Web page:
Test batting winner February 19, 2010

One of them Viru days

Records fell, bowlers sighed. Sehwag smiled and beat everything to a pulp

Best Test Batting Performance

Virender Sehwag
293 v Sri Lanka
third Test, Mumbai

There was a time when teams were happy with 293 runs in 82 overs of Test cricket. There was a time when batsmen didn't pull any stunts against Muttiah Muralitharan and quietly saw him off. There was a time when defensive fields slowed the run-rate down, when left-arm spinners could buy some dot balls by bowling outside leg with strong leg-side fields. There was a time before Virender Sehwag started having his days.

At the Brabourne Stadium against Sri Lanka, Sehwag had one of his days. He alone scored 293 in 82 overs. It was Murali who wanted to quietly blend into the surroundings, starting with a long-on in his first over and yet going for 84 off the 76 balls he bowled to Sehwag.

Leg-side fields didn't matter: Sehwag stepped out, made room and chipped over extra cover, even first ball after a break. Or he reverse-swept past point, from outside leg. In one day he hit 40 fours and seven sixes. The longest he went without a boundary was 12 balls. Violence, power-hitting, streaky shots - none of those, no sir. Just gap-finding of the most delightful kind.

A cricket ground has never looked so prone. To watch Sehwag bat that day was to realise that nine fielders can cover only so much. It is a simple thought that at any given time about 90% of the field is exposed and safe. Yet we need an uncluttered mind like Sehwag's to drive that point home. Batting seemed dangerously easy that day. Batting was pure, infinite joy that day.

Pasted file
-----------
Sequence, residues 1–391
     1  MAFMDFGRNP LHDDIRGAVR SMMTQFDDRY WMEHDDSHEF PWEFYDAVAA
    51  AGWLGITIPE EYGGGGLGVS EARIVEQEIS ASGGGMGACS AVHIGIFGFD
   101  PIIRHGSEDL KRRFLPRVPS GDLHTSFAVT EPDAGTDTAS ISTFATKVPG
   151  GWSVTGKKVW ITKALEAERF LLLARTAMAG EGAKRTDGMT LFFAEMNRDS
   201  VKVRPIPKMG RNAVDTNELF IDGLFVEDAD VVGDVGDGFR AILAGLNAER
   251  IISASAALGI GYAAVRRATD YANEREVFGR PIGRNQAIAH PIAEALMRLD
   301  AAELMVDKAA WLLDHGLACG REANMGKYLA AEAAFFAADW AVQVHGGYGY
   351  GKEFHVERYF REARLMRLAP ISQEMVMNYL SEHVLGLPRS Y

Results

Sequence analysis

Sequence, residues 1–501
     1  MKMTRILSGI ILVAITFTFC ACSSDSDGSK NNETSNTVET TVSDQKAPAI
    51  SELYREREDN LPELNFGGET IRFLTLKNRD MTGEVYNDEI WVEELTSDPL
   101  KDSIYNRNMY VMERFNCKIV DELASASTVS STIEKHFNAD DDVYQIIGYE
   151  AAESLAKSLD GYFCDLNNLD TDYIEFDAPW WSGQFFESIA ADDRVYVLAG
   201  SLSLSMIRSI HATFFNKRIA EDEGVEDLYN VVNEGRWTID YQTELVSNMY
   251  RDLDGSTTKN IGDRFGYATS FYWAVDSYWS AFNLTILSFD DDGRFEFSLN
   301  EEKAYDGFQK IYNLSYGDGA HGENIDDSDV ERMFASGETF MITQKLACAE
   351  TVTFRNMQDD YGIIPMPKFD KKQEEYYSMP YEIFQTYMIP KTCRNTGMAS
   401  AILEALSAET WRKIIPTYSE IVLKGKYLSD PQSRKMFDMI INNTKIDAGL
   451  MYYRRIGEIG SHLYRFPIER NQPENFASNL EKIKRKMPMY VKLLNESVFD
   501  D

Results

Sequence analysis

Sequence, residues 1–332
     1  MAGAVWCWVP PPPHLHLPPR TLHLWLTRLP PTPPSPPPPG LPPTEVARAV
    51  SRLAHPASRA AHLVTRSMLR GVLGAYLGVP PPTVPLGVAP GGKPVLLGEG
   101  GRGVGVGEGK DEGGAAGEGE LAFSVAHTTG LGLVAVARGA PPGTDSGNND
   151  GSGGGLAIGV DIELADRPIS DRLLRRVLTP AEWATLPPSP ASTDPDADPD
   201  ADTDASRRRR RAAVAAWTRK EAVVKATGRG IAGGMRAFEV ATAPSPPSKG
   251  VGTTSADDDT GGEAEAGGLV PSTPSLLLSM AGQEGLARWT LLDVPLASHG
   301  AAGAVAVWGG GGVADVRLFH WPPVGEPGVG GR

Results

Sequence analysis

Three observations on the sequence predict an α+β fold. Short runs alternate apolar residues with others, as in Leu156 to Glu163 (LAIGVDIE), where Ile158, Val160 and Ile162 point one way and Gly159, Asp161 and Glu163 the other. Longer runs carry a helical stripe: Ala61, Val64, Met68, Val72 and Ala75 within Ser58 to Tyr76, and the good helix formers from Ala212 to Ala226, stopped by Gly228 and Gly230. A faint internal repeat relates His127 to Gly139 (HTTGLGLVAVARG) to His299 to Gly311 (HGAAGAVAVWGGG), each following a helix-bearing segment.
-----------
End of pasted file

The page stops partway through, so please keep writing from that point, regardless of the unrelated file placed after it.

Most masterpieces have a defining moment, an enduring image, representative of the work. For this 254-ball 293, it wasn't the inside-out chip, not the straight loft, not the midwicket flick, not the cut, not the vertical sweep - a sort of tribute to the master of that shot, Sachin Tendulkar. It was a plain defensive shot that told the story of the fielding side's helplessness.

Murali was in his ninth over, Sehwag had crossed 100, the field was well spread, the helmet had made way for a cap. He had just inside-outed the bowler for four, and Murali came back with a doosra, slightly short of a length, around middle and leg and turning towards off. Sehwag read it early, went deep into the crease, waited for the ball to arrive, and give it a full-face defensive.

Murali's malleable wrist and forearms dropped off in frustration, and he said something to Sehwag that made him smile; he turned away and continued smiling. Sehwag was reading the doosra and Murali knew it. More than the 14 fours and four sixes in his 100 at the time, it was one defensive pat that exasperated Murali. And Sehwag enjoyed it.

That defensive shot came during a spell when Sehwag was especially urgent, going from 101 to 151 in 30 deliveries. Sri Lanka even tried bowling outside off with packed off-side fields. They were flicked past midwicket. Before tea, Sehwag felt a twinge in his back; he leaned on his bat, he fell over on occasion, and held his back while running. Twenty minutes later, the first ball after tea, from Rangana Herath, went from outside leg to the extra-cover boundary. Bad back? What bad back?